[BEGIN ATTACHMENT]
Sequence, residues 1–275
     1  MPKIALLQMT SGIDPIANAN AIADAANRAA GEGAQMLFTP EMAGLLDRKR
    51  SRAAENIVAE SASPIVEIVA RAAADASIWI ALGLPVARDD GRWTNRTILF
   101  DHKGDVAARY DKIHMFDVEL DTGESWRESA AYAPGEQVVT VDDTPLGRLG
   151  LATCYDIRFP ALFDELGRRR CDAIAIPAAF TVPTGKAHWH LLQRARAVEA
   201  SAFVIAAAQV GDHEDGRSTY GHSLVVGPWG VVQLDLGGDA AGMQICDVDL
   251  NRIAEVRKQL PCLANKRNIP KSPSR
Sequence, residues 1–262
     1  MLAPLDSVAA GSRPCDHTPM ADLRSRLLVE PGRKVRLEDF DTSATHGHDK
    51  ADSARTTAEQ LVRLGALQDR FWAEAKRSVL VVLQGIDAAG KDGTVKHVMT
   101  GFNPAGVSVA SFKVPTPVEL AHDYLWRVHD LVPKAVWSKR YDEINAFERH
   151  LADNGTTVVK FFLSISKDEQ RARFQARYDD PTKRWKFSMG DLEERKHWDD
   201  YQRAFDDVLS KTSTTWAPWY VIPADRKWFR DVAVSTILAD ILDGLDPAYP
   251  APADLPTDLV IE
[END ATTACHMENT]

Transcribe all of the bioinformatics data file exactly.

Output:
Sequence, residues 1–275
     1  MPKIALLQMT SGIDPIANAN AIADAANRAA GEGAQMLFTP EMAGLLDRKR
    51  SRAAENIVAE SASPIVEIVA RAAADASIWI ALGLPVARDD GRWTNRTILF
   101  DHKGDVAARY DKIHMFDVEL DTGESWRESA AYAPGEQVVT VDDTPLGRLG
   151  LATCYDIRFP ALFDELGRRR CDAIAIPAAF TVPTGKAHWH LLQRARAVEA
   201  SAFVIAAAQV GDHEDGRSTY GHSLVVGPWG VVQLDLGGDA AGMQICDVDL
   251  NRIAEVRKQL PCLANKRNIP KSPSR
Sequence, residues 1–262
     1  MLAPLDSVAA GSRPCDHTPM ADLRSRLLVE PGRKVRLEDF DTSATHGHDK
    51  ADSARTTAEQ LVRLGALQDR FWAEAKRSVL VVLQGIDAAG KDGTVKHVMT
   101  GFNPAGVSVA SFKVPTPVEL AHDYLWRVHD LVPKAVWSKR YDEINAFERH
   151  LADNGTTVVK FFLSISKDEQ RARFQARYDD PTKRWKFSMG DLEERKHWDD
   201  YQRAFDDVLS KTSTTWAPWY VIPADRKWFR DVAVSTILAD ILDGLDPAYP
   251  APADLPTDLV IE